Also, plan your trip with doctor’s visits in mind. Do you have any appointments within the next year? If you do, plan your trip so that you’ll loop around back home with more than enough time to make your appointment.
Finding RV Campsites
Now that we’ve covered the important safety features, we’ll move into the fun topics, like finding places to camp.
While you can go the old-school route and use a map to find the campgrounds, it’s recommended that you use Google Maps. Google Maps makes finding a campground near you as easy as typing “campground near me.”
Of course, you can change this by typing in the location you’re going, like, “campgrounds in central Florida.” This will help you find campsites at your desired location with the best ratings, so you don’t have to worry about bad customer service.
Google Maps will also route you around traffic and construction, so you can have a stress-free drive.
With RV living on the rise and the age of senior campers lowering, campgrounds are bustling. This will make it harder to get reservations at popular campgrounds. So, to ease the pain of hearing that your favorite campground is booked, book ahead.
Some campsites will have their phone numbers displayed on Google or booking information on their website. Be sure to inform the campground workers of your vehicle’s size as it’ll affect where you’re able to park.
Places You Can Park Your RV Overnight
Sometimes you might get tired when you’re driving. Maybe you’ve been driving all day and didn’t make it to your destination, or maybe you just need a nap. Either way rest is important on the road, so you’ve got to know where you can park.
Here is a list of some overnight parking areas:
State Rest Areas: Rest areas are state-owned places for families to take a break from the road. That break could be to use the restroom, eat food, or nap. Your camper’s size will determine parking options. Class A, C, and Tow Campers will be parked on the side with the eighteen-wheelers. Class B campers can be parked near the cars. The amount of time you can spend there will be dependent on the state you’re in. If you can’t find that information, then try not to stay longer than necessary as someone else might need your parking space.
Truck Stops: Truck Stops are like rest areas except the space is private property, so the amount of time you can park there is usually shorter. They offer bathrooms, food, and amenities like showers and washers. You’ll see these every so often off of major highways. TA, Pilot, Flying J, and Buc-ee’s are some of the names of truck stop franchises.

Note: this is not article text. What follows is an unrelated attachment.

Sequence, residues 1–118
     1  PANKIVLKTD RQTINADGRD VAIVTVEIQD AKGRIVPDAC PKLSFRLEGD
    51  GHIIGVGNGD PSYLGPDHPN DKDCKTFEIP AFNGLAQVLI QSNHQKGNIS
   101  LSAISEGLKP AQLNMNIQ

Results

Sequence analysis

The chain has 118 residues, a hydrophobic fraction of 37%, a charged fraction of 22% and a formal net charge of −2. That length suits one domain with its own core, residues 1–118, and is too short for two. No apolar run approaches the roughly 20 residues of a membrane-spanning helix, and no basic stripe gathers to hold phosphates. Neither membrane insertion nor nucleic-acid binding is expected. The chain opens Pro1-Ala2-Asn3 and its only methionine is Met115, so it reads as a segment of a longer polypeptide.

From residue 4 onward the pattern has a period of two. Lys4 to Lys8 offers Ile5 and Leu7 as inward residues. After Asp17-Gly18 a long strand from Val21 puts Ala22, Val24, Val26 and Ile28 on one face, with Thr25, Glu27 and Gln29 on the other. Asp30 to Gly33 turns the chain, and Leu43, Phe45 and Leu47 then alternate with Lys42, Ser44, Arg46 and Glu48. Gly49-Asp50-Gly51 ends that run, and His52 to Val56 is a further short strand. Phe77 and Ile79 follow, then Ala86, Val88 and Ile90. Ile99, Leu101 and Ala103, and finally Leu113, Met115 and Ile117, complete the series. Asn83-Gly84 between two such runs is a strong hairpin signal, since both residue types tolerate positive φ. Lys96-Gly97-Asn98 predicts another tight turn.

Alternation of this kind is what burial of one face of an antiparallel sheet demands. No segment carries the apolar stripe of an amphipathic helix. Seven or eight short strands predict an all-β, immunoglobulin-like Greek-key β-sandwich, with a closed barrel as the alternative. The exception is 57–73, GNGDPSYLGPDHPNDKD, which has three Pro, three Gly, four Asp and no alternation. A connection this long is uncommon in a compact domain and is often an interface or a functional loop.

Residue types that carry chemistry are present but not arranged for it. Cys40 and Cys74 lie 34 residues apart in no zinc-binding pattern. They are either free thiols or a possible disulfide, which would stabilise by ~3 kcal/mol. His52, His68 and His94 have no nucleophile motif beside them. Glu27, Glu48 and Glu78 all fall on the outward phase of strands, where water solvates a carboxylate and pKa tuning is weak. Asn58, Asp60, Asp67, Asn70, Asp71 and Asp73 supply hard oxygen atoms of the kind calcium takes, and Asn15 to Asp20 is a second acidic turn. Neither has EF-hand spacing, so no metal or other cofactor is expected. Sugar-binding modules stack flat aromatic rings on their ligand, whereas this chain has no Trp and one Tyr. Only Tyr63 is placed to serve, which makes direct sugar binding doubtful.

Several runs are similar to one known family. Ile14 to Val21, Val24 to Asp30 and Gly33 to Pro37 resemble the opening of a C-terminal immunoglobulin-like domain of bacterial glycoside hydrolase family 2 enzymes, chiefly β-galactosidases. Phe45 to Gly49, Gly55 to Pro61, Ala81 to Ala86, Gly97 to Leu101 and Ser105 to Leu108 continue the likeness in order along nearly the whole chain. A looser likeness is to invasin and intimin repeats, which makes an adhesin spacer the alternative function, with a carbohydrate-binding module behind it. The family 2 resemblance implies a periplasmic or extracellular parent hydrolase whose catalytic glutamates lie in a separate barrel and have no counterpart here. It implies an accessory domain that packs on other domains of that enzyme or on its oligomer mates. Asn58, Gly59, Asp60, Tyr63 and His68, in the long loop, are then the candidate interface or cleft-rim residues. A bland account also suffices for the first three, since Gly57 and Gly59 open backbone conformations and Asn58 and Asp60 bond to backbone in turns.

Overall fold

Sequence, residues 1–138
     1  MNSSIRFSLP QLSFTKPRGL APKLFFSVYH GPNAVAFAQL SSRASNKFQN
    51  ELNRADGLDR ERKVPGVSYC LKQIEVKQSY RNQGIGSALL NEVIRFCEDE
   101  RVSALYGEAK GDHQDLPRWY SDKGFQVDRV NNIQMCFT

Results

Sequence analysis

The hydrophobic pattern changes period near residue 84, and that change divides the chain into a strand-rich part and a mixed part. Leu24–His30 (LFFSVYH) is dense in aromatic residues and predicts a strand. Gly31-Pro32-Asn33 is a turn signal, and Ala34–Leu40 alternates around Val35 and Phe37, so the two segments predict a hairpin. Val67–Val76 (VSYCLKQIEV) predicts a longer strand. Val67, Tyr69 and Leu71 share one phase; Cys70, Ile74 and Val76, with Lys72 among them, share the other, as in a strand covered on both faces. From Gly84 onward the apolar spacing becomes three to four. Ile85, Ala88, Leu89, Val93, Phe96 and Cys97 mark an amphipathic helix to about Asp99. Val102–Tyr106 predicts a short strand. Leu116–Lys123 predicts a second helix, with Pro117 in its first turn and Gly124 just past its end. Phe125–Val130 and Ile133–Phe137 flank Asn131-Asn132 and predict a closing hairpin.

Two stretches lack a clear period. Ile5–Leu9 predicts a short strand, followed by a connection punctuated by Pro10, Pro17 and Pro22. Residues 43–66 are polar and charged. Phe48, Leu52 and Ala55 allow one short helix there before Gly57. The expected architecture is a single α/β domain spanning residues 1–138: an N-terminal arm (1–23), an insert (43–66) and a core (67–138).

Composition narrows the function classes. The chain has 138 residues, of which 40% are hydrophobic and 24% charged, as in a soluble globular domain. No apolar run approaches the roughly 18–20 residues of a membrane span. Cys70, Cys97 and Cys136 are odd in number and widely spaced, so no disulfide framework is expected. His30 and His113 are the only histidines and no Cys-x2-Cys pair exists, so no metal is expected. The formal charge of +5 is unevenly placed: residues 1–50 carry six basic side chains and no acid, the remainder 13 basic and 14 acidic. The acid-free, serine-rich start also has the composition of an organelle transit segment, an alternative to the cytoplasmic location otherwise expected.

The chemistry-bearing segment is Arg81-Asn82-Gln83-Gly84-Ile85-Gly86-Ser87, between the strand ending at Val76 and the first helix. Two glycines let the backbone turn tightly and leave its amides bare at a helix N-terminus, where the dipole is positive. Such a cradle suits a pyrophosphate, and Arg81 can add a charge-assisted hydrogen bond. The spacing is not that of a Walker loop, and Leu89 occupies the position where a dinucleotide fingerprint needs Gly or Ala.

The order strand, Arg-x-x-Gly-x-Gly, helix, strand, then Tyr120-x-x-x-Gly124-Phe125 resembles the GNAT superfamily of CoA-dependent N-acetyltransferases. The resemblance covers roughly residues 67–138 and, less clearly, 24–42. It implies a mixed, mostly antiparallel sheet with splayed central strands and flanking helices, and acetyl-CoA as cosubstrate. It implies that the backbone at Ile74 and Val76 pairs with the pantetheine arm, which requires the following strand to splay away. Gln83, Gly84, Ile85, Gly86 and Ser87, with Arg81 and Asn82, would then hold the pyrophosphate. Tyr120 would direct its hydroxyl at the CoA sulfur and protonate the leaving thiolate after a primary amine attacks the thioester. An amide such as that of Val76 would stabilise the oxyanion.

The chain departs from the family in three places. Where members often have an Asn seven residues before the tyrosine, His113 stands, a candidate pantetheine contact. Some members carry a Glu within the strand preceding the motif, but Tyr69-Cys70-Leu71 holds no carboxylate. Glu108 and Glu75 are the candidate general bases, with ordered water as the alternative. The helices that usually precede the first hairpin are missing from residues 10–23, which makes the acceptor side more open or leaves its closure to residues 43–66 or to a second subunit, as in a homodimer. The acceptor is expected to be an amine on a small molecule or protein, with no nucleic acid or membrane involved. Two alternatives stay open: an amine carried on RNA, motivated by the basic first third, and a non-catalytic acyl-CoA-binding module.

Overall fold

Walmart: Walmart, like Truck Stops, are private property, so parking will depend on the staff’s rules. You may prefer to park here because most Walmarts allow overnight parking, and they’re not as loud as truck stops.
Senior Parks Pass
The freedom to travel and see America’s beauty is nice and all, but it’s even better to do it at a discounted cost. Seniors over 62 can visit 2,000 recreation sites with the National Parks & Federal Recreational Lands Senior Pass. That includes National Parks as well.
Getting a senior pass will also give you a discount on amenities offered at National Park campgrounds and recreation sites!
Slow Trips Are Better Than Fast Ones
It’s important to be punctual when booking trips, but make sure you have time for exploring. While the destinations you have planned will be grand, try to enjoy the journey just as much. Find restaurants, cook dinner in the wilderness, fish rivers, and make friends on the road!
Becoming a senior camper is something that must be planned. With finances and health at risk, there’s no way that a senior can jump in. So, we hope our Beginners Guide to RV Camping for Seniors has instilled in you the confidence to make plans and explore America’s beautiful landscapes!
Featured Image Credit: Deposit Photos, Lic # 264277866